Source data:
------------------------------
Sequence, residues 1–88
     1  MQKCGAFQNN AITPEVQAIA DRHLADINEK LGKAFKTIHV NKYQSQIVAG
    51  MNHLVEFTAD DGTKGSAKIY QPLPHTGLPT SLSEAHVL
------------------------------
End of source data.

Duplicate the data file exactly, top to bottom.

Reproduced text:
Sequence, residues 1–88
     1  MQKCGAFQNN AITPEVQAIA DRHLADINEK LGKAFKTIHV NKYQSQIVAG
    51  MNHLVEFTAD DGTKGSAKIY QPLPHTGLPT SLSEAHVL